Is there a change of what is defined to be a normal “all American Family”?
I am asking this because I just read an article actually based on questioning the institution of marriage. As recently as 40 years ago, nobody would have mentioned the idea.
According to a TIME/Pew research poll released last week, 40 percent of Americans believe that marriage is becoming obsolete, up from just 28 percent in 1978.
In that same poll, only one in four unmarried Americans say they do not want to get married. And among currently married men and women, 80 percent say their marriage is as close as or closer than their parents’ marriage.
- According to the Pew poll, 76 percent of Americans say family is the most important, meaningful part of their life.
- Seventy-five percent say they are “very satisfied” with their family life.
- And 85 percent say that the family they live in today, whatever its form, is as close as or closer than the family in which they grew up.
The Census Bureau says:
- The median age at first marriage increased to 28.2 for men and 26.1 for women in 2010, an increase from 26.8 and 25.1 in 2000, according to the U.S. Census Bureau. This increase is a continuation of a long-term trend that has been noted since the mid-1950s. In addition, the overall percentage of adults who were married declined to 54.1 percent in 2010 from 57.3 percent in 2000.
- According to America’s Families and Living Arrangements: 2010, the average household size declined to 2.59 in 2010, from 2.62 people in 2000. This is partly because of the increase in one-person households, which rose from 25 percent in 2000 to 27 percent in 2010, more than double the percentage in 1960 (13 percent).
- Even though the overall household size declined between 2000 and 2010, some household subgroups increased in size. For example, households where the householder had less than a high school degree increased to an average of 2.87 people in 2010 from 2.67 people in 2001.
- The percentage of households headed by a married couple who had children under 18 living with them declined to 21 percent in 2010, down from 24 percent in 2000.
- The percentage of children under 18 living with two married parents declined to 66 percent in 2010, down from 69 percent in 2000.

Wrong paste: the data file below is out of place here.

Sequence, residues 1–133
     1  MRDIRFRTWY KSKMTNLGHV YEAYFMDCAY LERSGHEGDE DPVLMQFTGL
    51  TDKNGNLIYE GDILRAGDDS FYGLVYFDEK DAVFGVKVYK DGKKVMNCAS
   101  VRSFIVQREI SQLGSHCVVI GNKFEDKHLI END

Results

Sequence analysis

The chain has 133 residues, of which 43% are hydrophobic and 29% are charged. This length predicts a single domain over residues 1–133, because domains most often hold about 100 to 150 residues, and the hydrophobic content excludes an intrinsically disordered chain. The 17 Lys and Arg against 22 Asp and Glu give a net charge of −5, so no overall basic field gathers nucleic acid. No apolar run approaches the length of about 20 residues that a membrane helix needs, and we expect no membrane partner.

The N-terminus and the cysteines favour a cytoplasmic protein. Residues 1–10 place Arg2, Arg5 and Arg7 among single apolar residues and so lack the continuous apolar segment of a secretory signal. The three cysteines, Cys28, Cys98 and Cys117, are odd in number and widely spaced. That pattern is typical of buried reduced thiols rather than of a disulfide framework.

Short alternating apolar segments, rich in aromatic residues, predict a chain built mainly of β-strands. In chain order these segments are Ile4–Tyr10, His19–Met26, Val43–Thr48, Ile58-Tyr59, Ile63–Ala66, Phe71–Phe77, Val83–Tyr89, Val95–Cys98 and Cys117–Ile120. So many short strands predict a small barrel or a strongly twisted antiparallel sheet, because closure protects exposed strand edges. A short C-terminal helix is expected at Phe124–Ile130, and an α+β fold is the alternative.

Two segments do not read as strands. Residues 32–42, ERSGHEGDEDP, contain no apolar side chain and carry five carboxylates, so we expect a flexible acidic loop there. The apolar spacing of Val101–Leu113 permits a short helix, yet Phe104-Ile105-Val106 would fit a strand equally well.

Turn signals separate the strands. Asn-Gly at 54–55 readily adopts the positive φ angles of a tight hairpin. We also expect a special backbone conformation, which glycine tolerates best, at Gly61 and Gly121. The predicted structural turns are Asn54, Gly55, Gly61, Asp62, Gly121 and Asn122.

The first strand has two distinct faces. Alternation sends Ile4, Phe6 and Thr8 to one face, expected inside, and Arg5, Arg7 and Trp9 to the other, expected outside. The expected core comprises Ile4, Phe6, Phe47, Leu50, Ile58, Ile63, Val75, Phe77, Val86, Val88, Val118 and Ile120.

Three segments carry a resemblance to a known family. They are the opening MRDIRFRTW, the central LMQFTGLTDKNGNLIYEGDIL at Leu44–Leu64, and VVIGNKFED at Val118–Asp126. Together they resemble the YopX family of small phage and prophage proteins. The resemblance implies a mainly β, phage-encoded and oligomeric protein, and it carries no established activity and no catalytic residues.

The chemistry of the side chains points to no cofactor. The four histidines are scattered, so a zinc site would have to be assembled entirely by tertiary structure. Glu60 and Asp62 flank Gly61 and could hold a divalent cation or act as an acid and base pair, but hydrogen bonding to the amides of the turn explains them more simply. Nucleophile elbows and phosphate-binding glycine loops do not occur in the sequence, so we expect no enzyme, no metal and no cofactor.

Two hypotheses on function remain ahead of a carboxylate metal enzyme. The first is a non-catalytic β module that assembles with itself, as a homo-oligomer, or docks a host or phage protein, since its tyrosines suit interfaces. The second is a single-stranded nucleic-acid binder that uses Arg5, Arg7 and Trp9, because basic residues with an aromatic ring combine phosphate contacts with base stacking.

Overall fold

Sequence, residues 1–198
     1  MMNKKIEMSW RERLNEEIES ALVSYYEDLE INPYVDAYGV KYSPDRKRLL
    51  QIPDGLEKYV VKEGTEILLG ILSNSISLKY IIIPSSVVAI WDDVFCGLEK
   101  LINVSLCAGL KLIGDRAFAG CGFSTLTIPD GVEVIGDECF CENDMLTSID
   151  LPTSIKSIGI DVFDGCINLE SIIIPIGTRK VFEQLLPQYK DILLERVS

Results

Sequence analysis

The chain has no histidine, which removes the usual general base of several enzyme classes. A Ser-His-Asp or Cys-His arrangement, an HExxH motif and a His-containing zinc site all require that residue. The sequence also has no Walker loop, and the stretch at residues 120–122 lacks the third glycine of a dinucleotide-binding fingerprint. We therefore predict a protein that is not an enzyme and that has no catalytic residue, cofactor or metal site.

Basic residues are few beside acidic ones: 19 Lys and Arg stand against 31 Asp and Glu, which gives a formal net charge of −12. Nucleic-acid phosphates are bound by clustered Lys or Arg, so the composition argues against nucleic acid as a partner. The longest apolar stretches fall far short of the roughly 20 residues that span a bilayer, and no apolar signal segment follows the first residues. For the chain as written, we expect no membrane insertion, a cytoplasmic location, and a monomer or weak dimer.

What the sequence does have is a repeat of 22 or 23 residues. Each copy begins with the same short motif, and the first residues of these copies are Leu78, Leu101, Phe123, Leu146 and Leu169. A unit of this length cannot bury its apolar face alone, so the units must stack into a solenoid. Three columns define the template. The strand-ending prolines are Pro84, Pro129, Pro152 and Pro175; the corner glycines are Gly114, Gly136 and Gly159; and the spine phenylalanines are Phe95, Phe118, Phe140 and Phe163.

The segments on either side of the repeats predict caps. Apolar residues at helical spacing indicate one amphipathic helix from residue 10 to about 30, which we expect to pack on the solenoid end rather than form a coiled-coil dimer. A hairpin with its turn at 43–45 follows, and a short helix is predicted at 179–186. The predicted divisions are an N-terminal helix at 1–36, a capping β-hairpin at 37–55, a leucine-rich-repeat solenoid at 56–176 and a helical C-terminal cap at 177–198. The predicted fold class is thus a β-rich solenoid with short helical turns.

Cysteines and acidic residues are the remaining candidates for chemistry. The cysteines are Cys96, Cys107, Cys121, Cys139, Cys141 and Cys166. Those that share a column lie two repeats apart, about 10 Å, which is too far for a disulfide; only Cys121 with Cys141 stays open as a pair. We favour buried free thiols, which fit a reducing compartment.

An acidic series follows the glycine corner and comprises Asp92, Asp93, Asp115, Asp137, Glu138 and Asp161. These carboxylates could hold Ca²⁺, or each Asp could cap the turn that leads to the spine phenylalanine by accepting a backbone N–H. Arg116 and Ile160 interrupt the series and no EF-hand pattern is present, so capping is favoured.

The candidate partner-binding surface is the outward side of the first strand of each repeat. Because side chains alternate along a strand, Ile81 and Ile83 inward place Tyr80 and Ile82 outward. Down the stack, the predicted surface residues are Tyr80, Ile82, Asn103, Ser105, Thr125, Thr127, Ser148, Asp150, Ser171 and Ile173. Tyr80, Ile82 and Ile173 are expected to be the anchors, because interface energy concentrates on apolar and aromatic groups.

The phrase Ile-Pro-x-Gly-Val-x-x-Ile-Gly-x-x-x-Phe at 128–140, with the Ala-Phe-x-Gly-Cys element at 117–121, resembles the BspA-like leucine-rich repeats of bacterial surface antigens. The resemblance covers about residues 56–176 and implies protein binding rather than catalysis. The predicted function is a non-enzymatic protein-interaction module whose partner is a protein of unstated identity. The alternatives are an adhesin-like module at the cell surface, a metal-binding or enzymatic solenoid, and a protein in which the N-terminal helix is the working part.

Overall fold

- In 2010, 23 percent of married-couple family groups with children under 15 had a stay-at-home mother, up from 21 percent in 2000. In 2007, before the recession, stay-at-home mothers were found in 24 percent of married-couple family groups with children under 15.
- The percentage of children under 18 who lived in a household that included a grandparent increased from 8 percent in 2001 to 10 percent in 2010. Of the 7.5 million children who lived with a grandparent in 2010, 22 percent did not have a parent present in the household.
How do you define the “Modern American Family?”
Monday Mayhem time…
With the holiday shopping season in full swing, we want to hear your shopping tips for the situations below.
1. You mention to your neighbor, with the body odor, that you are heading out to the mall in the morning. Neighbor asks to go with. What do you say? Oh I’m sorry, I have to take someone and we have a whole day full of errands. Bye.
2. You go up and down every aisle in the parking lot until you finally scope out that perfect place. You patiently pull over to the side and put your signal on to wait for the person pulls out. Someone snags your spot before you can pull in. What do you do? Bang into them and tell them “I’m older- I have more insurance”
3. You find that perfect sweater for grandpa and it’s the last one in that size. Some lady with three screaming kids approaches you and asks for the sweater for her husband who is deployed in Iraq. What do you do?
No habla English
4. You found the perfect gift for your best friend and you notice that there are no less than 100 people in line in front of you. Unfortunately, you just drank 3 cups of coffee before you entered the store. What do you do?
To be honest, I don’t drink coffee and I would never shop in a store with 100 people in line. I’d turn around and leave fast.
5. You’re within 10 people of the checkout after waiting in line for 40 minutes and the person in front of you lets three people in line- he was just saving the spot. What do you do?
Try to get the other people waiting in line involved in this one.
6. You get to the check out and your card is declined. What do you do?
Whip out another…and another…and another….
7. Oops…you forgot to buy something for Aunt Edna. Do you regift the fruit cake George from next door gave you?
You better believe it.
8. Are you planning on doing most of your shopping in the stores or online this year?